Throwing fear and reason aside, Fenix rushed in with a quick series of thrusts. His strategy was simple, overpower his opponent or wear him down with quick, successive, attacks utilizing momentary explosions of extreme power. He threw his weight behind every strike aiming to end the fight quickly. Talon had other plans, however. Avoiding the first lunge altogether, he deflected the second and third with swift side to side movements and neutralized the final attack with a liquid circular motion, using the end of his staff to redirect Fenix’s momentum. Nearly losing his weapon, Fenix tried to recover my sliding his hands down the staff and swinging at Talon’s ribs in a horizontal arc.

The resulting force of Talon’s block managed to knock Fenix off balance. Talon automatically targeted the boy’s feet then, striking and stomping with the butt of his staff as his former disciple stumbled backward in an effort to regain his root. The iron staff was moving too fast for Fenix to successfully pin down or even deflect. Talon himself was moving too fast. Everything had somehow sped up in the last few seconds. His mind reeled at the realization that all he could do was back pedal and wonder which one of his toes he was about to lose. The moment Fenix had diverted all of his attention to his feet, Talon made a lunge at the boy’s exposed abdomen. Fenix saw the subtle change in Talon’s feet that telegraphed a spear strike. He saw the smile on Talon’s face. He saw the iron staff moving towards his midsection, and finally he saw that it would be impossible to avoid. The staff was on a direct course for his solar plexus; he was confident nothing would change that. He thought he could remember taking such a blow before, crumpling to the floor in a heaving heap of tears and sweat, when he was sixteen. He thought he could remember a lot of things in those moments: the last year of constant struggle that had somehow still not been enough to prepare him for this bout, the bruises on his shins and arms that resulted from his training as a child, the exact locations of every single crack on the stone steps he ran up and down, and the stoic look on his old teacher’s face when he had said he was leaving.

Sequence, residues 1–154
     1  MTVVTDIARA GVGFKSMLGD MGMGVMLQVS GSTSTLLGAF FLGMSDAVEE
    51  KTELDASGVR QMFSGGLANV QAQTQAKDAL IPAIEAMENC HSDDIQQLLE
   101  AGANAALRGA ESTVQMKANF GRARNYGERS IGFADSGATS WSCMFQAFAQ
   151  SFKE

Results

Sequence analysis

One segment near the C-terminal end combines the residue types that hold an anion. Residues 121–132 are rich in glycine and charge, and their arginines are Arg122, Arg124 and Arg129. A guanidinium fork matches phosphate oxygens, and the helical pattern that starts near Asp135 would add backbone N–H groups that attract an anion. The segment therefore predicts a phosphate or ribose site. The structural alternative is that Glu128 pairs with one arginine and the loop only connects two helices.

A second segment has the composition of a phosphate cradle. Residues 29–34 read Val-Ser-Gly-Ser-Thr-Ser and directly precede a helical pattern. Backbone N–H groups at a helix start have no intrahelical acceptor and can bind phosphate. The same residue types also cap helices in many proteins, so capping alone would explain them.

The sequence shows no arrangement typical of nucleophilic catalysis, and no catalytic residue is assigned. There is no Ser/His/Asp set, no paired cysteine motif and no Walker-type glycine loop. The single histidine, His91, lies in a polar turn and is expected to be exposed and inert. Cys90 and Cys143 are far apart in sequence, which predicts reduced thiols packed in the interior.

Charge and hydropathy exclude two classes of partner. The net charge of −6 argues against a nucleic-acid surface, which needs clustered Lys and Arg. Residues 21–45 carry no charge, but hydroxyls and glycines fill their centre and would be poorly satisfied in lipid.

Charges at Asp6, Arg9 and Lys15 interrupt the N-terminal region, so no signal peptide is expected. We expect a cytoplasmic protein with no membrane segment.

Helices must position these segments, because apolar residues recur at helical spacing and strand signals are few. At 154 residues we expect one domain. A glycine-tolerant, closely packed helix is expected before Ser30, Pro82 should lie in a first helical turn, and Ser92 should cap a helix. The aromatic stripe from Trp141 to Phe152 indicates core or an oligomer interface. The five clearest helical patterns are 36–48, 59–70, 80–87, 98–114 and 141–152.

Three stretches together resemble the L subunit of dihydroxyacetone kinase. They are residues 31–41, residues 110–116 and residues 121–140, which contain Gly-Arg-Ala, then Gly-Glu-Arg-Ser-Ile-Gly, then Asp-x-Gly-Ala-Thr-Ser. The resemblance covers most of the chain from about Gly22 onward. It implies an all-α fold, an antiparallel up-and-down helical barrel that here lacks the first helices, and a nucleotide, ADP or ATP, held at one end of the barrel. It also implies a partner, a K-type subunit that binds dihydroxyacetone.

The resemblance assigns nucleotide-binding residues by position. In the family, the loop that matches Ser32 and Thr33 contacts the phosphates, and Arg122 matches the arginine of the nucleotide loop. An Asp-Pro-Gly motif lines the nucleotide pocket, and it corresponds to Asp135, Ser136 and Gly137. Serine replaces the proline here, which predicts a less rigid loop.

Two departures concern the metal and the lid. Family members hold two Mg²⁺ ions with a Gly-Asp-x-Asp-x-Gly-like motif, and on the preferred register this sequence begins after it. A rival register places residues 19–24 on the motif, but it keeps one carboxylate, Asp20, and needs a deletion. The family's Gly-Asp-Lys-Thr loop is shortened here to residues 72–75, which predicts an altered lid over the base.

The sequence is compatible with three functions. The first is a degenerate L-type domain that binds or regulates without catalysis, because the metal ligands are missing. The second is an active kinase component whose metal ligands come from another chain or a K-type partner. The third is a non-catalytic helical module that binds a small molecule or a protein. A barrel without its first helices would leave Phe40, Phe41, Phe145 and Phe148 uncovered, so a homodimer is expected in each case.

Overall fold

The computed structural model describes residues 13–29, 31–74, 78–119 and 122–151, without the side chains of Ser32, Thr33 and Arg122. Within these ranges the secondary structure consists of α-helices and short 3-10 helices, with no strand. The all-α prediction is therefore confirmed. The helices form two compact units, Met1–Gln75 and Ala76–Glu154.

The butt of the staff would inevitably crash into him, but he continued remembering. He remembered the sharp spasm of pain that shot up his leg from a hairline fracture in his shin, a fracture earned in his first formal fight. He remembered the shame on his teacher’s face when he learned of the injury. Fenix swore he could remember everything in those moments, but there were things he couldn’t recall before iron smashed into flesh and cartilage. He couldn’t remember waking to the astringent smell of the goopy salve Talon used to apply to his welts at night. He couldn’t remember the satisfied grin on Talon’s face when he saw Fenix deflect an arrow for the first time. He couldn’t remember the hot summer night when a drunken Talon assured the other Eagles that he believed it when his seven-year-old disciple claimed he would one day be the best of them. He couldn’t remember how frantically Talon had scrambled to find something to set the bone, nor his low-pitched mumbling about failing to be there to witness Fenix’s first victory. . .

The air sounded off a clang as the two chunks of metal clashed. Fenix wasn’t entirely sure how he had managed to bring his staff up in time to block the spear strike, but he was grateful it had happened. Grateful for the memory of an old man telling him “The animal that survives is the animal with the strongest will to survive.”

Fenix was now in an inner guard, Talon’s staff had come too close for comfort. Meanwhile, Talon had used his redirected momentum to begin tracing figure eights with his favorite weapon.

“You have come a long way, hatchling.” he said nonchalantly. “I wonder, do you remember what you used to tell me when you first came to us?”

Talon flowed from form to form as he spoke. Fenix recognized some of them: Low Hanging Fruit, Rolling Thunder, Falling Pear Blossom.

“I remember everything old man.”

Talon laughed.

“Indeed, you do. ‘Some day I will be the greatest Eagle the world has ever seen’.” He chuckled again. “ In due time, hatchling. I would say. In due time.”

He made a quick swing at Fenix, a swing Fenix didn’t entirely avoid. The newest Eagle felt the welt develop on his bicep almost instantly, even as Talon went back to absentmindedly going through forms. As a boy, Fenix had stood in awe of this man, of how a simple shaft of wax wood transformed into six and a half feet of whirling contusions and blunt trauma in his hands. Talon had mastered every weapon in existence, but the staff was his favorite by far. He drilled it into Fenix’s head that a staff gifted its wielder with control, range, and crushing impact. Those lessons, and the awe he felt during them, only served to salt the wound in his pride now. After all his training, and this last year alone, he was still a child with a stick compared to his old master. Fenix stretched his arm out, testing its range of motion. It was even more humbling to think the small injury might have meant a broken bone had the rink not been inundated with so many wards and protective abjurations. If this were real, the fight would have ended already.